Friday, August 31, 2012

A Ride Home Found, A Staue Lost

Every morning before he opened up his restaurant for the day, John Evangelista would pause before the St. Anthony of Padua statue in front of his home and say a prayer.
"It's just something I did every day at 4:30 a.m.," said the 78-year-old "It was a ritual."
However, over the past few days, Mr. Evangelista has had some medical issues and had not made the short trip from his home to his restaurant, so he didn't know that somebody had stolen his cherished 2-foot statue from his front yard.
Mr. Evangelista, a Catholic, learned about the theft when his daughter stopped by his home to drop off some food. "I was just heartbroken about it," he said
Mr. Evangelista has had other statues stolen before, including a baby Jesus that was part of a Nativity display.
But the recent theft deeply affected him because of the statue's sentimental value and his close spiritual relationship to the Franciscan Catholic priest preacher and teacher known for helping to find lost things for people who pray to him.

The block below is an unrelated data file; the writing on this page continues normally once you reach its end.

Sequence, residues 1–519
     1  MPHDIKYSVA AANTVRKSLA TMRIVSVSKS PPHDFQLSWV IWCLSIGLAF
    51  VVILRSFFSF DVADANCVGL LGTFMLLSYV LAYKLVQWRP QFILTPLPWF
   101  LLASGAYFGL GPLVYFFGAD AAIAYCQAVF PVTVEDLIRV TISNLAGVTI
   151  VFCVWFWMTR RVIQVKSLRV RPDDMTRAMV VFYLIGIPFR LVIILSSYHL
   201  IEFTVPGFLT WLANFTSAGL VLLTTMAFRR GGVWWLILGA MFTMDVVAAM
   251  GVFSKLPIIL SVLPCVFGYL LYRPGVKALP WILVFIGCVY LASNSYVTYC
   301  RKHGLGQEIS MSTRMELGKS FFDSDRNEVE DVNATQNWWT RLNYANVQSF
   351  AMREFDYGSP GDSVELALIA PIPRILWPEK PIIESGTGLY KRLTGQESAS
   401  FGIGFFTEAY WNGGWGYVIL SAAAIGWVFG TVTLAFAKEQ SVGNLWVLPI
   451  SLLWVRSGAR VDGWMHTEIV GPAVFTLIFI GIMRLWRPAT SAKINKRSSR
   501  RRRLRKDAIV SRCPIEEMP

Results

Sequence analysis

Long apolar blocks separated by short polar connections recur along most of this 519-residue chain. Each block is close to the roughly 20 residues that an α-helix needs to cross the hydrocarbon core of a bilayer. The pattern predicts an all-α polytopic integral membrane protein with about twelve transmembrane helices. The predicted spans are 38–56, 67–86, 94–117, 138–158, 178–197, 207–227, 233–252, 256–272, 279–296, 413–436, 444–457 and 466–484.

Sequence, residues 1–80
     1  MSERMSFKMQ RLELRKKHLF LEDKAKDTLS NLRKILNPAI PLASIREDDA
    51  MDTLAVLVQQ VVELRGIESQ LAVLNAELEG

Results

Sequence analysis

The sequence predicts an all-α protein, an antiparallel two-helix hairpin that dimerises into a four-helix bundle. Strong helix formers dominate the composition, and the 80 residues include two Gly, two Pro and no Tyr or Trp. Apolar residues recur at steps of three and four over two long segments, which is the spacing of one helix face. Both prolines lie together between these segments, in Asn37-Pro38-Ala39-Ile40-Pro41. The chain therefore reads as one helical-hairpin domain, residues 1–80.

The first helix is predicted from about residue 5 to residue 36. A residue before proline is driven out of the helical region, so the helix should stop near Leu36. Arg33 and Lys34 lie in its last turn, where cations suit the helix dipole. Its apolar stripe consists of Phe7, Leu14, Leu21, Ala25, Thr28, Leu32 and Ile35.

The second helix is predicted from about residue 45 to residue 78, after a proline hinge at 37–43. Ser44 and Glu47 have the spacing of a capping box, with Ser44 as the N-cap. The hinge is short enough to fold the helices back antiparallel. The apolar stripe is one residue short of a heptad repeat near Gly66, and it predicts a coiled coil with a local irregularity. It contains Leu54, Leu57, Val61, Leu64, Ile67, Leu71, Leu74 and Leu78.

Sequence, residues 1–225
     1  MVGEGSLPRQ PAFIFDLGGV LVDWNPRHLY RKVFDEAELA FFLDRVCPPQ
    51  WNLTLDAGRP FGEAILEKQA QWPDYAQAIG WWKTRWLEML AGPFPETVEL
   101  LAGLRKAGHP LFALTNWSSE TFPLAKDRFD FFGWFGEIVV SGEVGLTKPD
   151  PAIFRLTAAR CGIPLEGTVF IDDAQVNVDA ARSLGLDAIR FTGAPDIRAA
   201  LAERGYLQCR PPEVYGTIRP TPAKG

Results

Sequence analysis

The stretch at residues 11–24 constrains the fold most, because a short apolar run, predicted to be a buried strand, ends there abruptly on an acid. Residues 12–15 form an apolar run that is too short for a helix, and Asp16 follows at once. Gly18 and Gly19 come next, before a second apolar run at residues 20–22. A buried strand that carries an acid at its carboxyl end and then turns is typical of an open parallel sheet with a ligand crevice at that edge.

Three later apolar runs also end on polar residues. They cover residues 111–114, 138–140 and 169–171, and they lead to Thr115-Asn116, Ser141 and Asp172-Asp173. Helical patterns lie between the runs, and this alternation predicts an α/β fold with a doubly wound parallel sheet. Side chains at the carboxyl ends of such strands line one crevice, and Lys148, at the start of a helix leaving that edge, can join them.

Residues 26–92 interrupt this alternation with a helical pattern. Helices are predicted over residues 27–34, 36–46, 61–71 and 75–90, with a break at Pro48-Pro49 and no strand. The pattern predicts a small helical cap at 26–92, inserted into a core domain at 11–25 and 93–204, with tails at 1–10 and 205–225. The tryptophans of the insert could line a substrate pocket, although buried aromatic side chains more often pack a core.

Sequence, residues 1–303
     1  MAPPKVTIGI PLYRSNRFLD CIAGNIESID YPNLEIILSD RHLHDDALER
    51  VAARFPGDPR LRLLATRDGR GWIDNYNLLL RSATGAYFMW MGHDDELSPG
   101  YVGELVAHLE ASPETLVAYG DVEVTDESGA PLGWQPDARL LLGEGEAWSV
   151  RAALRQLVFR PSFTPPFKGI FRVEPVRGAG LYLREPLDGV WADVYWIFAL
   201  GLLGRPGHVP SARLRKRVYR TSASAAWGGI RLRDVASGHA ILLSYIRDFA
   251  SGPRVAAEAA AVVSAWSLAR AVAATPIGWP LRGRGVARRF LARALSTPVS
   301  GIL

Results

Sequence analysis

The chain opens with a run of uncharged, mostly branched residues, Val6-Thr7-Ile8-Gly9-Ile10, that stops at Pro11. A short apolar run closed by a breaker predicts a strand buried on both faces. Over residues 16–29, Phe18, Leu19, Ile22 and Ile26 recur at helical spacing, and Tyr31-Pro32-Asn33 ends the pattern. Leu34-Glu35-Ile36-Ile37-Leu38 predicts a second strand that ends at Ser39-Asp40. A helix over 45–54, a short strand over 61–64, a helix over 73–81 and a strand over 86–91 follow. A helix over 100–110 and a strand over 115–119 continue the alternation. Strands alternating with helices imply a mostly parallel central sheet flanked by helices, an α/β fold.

The story goes back 55 years ago, when Mr. Evangelista was an Army corporal assigned to Fort Dix in New Jersey. He had planned to come home to Worcester for a weekend, but when he arrived at the bus station in New York City he discovered that he was a dollar short and couldn't buy a ticket. "I just sat there and prayed, `St. Anthony, please help me find a dollar because I really want to go home,'" he recalled. "All my Army friends had the weekend off and I wanted to be in Worcester." Amazingly, a street person happened by and, unsolicited, gave him the money.
"He apparently noticed my uniform and he told me that I was doing a good job," said Mr. Evangelista. "He gave me the money and told me to buy a drink."
Instead, Mr. Evangelista bought a ticket and headed north.


He later told the story to a priest friend, who often used the tale when preaching about faith to his congregants. The priest bought him the concrete statue.
"I've never forgotten that guy at the bus station," said Mr. Evangelista. "I pray for him from time to time, or I'll light a candle for him in church."
Mr. Evangelista said the encounter taught him never to turn his back on somebody in need. "That's why, when I see I guy who looks like he's out of luck, I'll give him a buck or two for a bowl of soup or whatever," said Mr. Evangelista.
He said the statue really isn't worth anything but he'd like it back.
"I'll take it, no questions asked," he said.


We thank Mr. Evangelista for his beautiful story of finding a ride home, thanks to the intersession of St. Anthony, we pray that through that same intersession his statue is found and returned~